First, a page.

Need clarification on TA2024 voltage gain - diyAudio
 Need clarification on TA2024 voltage gain
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 6th November 2013, 04:10 PM #1 diyAudio Member   Join Date: Jul 2013 Need clarification on TA2024 voltage gain I want to raise the input gain for my TA2024 amp. From the TA2024 chip manual is says that:AV = 12(RF/RI) where RF = feedback resistor, RI = inverting input resistance. And i guess AV = voltage gain? So if i want higher input gain I have to raise AV, right? If thats true I can do that be raising the RF resistance. I am asking because I was told to solder a 4k7 resistor over the RF resistor (22k). This should raise the gain. But when i try to calculate the total resistance from the 4k7 and 22k i get a lower value than the 22k ohm. That makes me confused. Parallel Resistor Calculator R1 + R2 = equivalent resistor R resistance equiv total resistor finder made easy - sengpielaudio Sengpiel Berlin Last edited by magnus h; 6th November 2013 at 04:12 PM. Reason: formatting
diyAudio Member

Join Date: Jun 2005
Location: Copenhagen, Denmark
Quote:
 Originally Posted by magnus h If thats true I can do that be raising the RF resistance.
Yes. Raise the Rf to increase.

Quote:
 Originally Posted by magnus h I am asking because I was told to solder a 4k7 resistor over the RF resistor (22k). This should raise the gain.
You have been given wrong advice then. That would dramatically decrease gain (by -12dB or so).

Are you sure you read the advice correctly? Could it be that it said to replace the Rf with a 47K resistor for +6dB increased gain instead?

diyAudio Member

Join Date: Jul 2013
This was what i was told
Quote:
 Solder a 4k7 ohm parellel over the resistor indicated in this picture: http://oi39.tinypic.com/34yckdv.jpg
But i think you are right about replacing the resistor. I will try that.
Thank you!

 6th November 2013, 04:53 PM #4 diyAudio Member     Join Date: Jun 2005 Location: Copenhagen, Denmark Seems to me that the person giving the advice does not have the same board version as you perhaps? The resistor highlighted in that pic seems to be the Rin. Piggybacking a 4K7 resistor on top would indeed increase gain. Last edited by Saturnus; 6th November 2013 at 04:58 PM.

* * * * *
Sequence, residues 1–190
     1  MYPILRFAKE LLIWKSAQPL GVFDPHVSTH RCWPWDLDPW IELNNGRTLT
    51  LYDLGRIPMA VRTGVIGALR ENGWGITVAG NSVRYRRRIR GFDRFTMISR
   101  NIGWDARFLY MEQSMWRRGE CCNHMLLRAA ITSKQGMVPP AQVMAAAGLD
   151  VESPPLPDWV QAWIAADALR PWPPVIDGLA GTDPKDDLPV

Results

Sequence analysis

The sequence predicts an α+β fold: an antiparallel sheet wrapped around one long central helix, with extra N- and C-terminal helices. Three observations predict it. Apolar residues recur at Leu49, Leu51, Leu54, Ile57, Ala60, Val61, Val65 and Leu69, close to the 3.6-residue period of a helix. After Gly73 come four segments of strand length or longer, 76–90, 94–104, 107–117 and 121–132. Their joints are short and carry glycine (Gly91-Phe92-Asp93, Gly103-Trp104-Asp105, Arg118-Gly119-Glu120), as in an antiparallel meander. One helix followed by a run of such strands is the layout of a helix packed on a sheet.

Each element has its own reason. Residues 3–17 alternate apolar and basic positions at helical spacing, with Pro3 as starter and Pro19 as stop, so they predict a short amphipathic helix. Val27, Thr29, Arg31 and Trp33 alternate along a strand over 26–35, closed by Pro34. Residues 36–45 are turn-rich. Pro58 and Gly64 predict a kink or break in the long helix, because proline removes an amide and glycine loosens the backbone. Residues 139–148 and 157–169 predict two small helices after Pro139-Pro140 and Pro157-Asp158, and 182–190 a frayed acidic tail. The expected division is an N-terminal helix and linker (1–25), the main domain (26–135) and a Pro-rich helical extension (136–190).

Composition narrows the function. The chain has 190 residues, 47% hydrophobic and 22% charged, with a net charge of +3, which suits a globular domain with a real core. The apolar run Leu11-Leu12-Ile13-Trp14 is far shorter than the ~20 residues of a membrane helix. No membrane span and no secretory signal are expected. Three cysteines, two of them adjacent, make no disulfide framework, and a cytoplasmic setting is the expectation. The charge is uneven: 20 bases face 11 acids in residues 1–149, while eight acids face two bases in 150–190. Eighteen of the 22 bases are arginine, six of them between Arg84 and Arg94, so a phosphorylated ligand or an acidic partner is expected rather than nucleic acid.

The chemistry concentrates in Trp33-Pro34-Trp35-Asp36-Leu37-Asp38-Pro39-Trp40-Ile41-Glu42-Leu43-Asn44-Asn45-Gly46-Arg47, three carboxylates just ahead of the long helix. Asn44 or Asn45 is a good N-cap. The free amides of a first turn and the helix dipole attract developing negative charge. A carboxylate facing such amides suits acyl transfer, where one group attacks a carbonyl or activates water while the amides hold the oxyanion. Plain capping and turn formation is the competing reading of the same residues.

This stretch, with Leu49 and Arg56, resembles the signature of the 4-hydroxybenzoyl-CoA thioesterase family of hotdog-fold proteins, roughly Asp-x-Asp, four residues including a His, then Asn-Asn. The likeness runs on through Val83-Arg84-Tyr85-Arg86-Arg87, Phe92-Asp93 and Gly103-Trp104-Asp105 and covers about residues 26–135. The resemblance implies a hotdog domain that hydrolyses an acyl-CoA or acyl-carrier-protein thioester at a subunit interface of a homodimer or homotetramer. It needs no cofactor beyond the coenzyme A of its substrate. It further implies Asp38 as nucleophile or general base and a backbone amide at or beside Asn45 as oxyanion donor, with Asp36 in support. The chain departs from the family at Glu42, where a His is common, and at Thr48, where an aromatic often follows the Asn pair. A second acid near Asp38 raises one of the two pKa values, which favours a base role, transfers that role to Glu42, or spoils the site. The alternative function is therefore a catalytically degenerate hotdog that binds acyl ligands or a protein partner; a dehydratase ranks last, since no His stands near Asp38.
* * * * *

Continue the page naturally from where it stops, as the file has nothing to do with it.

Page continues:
6th November 2013, 05:03 PM #5 diyAudio Member   Join Date: Jul 2013 Yes the picture is for another version than the one i have, but i thought it would be the same. My version is this http://www.sure-electronics.net/down...V300%20SCH.pdf By looking at the datasheet i guess that i should change R15 and R21. From what you say they should be higher than the 22k ohm that they are now, right?
 6th November 2013, 05:08 PM #6 diyAudio Member     Join Date: Jun 2005 Location: Copenhagen, Denmark On your version you either replace the Rf (R15+R21) with a higher value or lower the value of Rin (R18+R22) for example by piggybacking a resistor on top. Either would increase gain.
 6th November 2013, 05:16 PM #7 diyAudio Member   Join Date: Jul 2013 Understood. I really appreciate the help. Thank you!
 6th November 2013, 05:56 PM #8 diyAudio Member   Join Date: May 2013 Saturnus, increasing R15 and R21 would increase the resistance right? Then it would be more difficult for a lower power device to drive the amplifier? I thought, and it worked with my version of the amp, decreasing the total resistance to about 4k ohm would increase the max volume with lower power outputs?
diyAudio Member

Join Date: Jun 2005
Location: Copenhagen, Denmark
Quote:
 Originally Posted by lutkeveld Saturnus, increasing R15 and R21 would increase the resistance right?
Yes, as you should.

Higher resistance of Rf = higher gain

Lower resistance of Rin = higher gain

You probably inadvertently decrease Rin, not Rf.

 6th November 2013, 07:19 PM #10 diyAudio Member   Join Date: May 2013 Oops that may be the case. Rin=RI on the datasheet right? I thought it was R1, the number of the resistor on the board. Which of the two is better, or is there no difference?

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